13 Songs, 39 Minutes

EDITORS’ NOTES

Train a Comin’ marks the major turning point in both Steve Earle’s personal and professional lives. Not only had he decided to turn his back on the Nashville establishment he had worked so long to break into, he had also ended a lifelong drug addiction following a three-year jail sentence that ended just before Train a Comin’ was recorded. “Mercenary Song,” “Tom Ames’ Prayer,” and “Ben McCulloch” are three standouts that date back to the ‘70s, when Earle would hone songs with his peers as they gathered at Guy Clark’s house. “Nothin’ Without You” is Earle’s sweetest song, but it is “Goodbye”— with its devastatingly frank acknowledgement of Earle’s drug addiction — that shows us just how painful a love song can be. The Beatles’ “I’m Looking Through You” is one of the first songs Earle learned to play on guitar, while “Rivers of Babylon” is a prayer of restoration and humility for the newly sober artist. The album concludes with “Tecumseh Valley,” written by Earle’s mentor Townes Van Zandt and performed with a consideration and candidness that that respects both the author and the song.

EDITORS’ NOTES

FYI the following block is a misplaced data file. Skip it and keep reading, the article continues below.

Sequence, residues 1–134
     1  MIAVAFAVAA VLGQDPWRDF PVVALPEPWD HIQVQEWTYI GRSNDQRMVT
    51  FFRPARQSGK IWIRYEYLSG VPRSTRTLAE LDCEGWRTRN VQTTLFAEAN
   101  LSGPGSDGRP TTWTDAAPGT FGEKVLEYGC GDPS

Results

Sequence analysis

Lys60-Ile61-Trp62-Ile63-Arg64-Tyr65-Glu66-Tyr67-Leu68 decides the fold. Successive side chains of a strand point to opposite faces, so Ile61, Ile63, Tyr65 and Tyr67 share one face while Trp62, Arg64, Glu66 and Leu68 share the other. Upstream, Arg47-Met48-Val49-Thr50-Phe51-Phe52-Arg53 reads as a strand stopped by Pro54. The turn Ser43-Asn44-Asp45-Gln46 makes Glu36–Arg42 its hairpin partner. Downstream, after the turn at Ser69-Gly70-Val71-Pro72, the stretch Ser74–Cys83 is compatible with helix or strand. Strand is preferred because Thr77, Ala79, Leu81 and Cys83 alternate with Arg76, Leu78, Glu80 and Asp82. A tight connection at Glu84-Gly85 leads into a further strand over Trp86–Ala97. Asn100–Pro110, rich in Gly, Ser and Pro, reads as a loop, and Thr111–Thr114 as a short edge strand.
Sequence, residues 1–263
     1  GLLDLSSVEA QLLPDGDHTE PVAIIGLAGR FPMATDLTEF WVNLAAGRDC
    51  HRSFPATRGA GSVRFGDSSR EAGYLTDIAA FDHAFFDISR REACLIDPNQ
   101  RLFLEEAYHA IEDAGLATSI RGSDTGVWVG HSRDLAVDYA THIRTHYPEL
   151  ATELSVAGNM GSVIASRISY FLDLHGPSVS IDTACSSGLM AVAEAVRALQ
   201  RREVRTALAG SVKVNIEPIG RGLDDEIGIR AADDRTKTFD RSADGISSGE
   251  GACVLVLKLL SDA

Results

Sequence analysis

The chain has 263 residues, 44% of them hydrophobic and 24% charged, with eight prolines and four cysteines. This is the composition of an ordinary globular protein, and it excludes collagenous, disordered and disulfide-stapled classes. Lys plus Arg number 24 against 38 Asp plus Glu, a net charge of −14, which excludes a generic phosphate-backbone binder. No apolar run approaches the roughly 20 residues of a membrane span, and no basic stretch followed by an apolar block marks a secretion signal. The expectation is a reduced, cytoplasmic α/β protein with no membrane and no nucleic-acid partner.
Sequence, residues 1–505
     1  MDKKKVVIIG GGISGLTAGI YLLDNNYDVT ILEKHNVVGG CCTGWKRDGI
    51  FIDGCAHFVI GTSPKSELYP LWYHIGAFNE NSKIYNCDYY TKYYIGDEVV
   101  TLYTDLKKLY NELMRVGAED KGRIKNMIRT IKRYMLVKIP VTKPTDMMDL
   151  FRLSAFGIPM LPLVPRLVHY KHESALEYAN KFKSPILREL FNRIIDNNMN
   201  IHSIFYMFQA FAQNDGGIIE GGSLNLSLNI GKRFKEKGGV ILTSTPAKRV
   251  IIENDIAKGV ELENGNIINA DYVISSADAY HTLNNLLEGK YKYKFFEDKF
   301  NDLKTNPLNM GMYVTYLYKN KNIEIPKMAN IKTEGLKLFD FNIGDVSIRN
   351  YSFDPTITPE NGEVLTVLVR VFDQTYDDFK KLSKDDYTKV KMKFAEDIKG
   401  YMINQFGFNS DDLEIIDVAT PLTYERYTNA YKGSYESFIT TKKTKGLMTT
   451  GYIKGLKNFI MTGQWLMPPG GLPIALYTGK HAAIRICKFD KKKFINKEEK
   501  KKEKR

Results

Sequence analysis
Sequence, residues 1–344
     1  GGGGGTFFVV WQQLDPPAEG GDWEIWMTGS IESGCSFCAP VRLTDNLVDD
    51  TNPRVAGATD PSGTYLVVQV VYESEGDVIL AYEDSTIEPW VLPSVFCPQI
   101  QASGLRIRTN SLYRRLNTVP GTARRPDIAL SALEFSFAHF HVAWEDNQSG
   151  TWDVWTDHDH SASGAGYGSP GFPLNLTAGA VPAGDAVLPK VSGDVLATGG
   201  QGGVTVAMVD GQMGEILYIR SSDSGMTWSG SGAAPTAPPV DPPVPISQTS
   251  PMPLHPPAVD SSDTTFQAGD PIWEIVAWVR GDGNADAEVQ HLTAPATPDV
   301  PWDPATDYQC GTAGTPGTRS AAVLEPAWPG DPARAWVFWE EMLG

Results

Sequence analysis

Train a Comin’ marks the major turning point in both Steve Earle’s personal and professional lives. Not only had he decided to turn his back on the Nashville establishment he had worked so long to break into, he had also ended a lifelong drug addiction following a three-year jail sentence that ended just before Train a Comin’ was recorded. “Mercenary Song,” “Tom Ames’ Prayer,” and “Ben McCulloch” are three standouts that date back to the ‘70s, when Earle would hone songs with his peers as they gathered at Guy Clark’s house. “Nothin’ Without You” is Earle’s sweetest song, but it is “Goodbye”— with its devastatingly frank acknowledgement of Earle’s drug addiction — that shows us just how painful a love song can be. The Beatles’ “I’m Looking Through You” is one of the first songs Earle learned to play on guitar, while “Rivers of Babylon” is a prayer of restoration and humility for the newly sober artist. The album concludes with “Tecumseh Valley,” written by Earle’s mentor Townes Van Zandt and performed with a consideration and candidness that that respects both the author and the song.

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